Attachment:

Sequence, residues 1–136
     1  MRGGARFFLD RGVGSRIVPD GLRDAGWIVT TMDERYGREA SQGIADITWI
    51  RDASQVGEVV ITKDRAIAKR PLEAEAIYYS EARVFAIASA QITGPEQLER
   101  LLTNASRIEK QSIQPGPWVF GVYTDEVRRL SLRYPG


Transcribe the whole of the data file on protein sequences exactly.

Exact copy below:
Sequence, residues 1–136
     1  MRGGARFFLD RGVGSRIVPD GLRDAGWIVT TMDERYGREA SQGIADITWI
    51  RDASQVGEVV ITKDRAIAKR PLEAEAIYYS EARVFAIASA QITGPEQLER
   101  LLTNASRIEK QSIQPGPWVF GVYTDEVRRL SLRYPG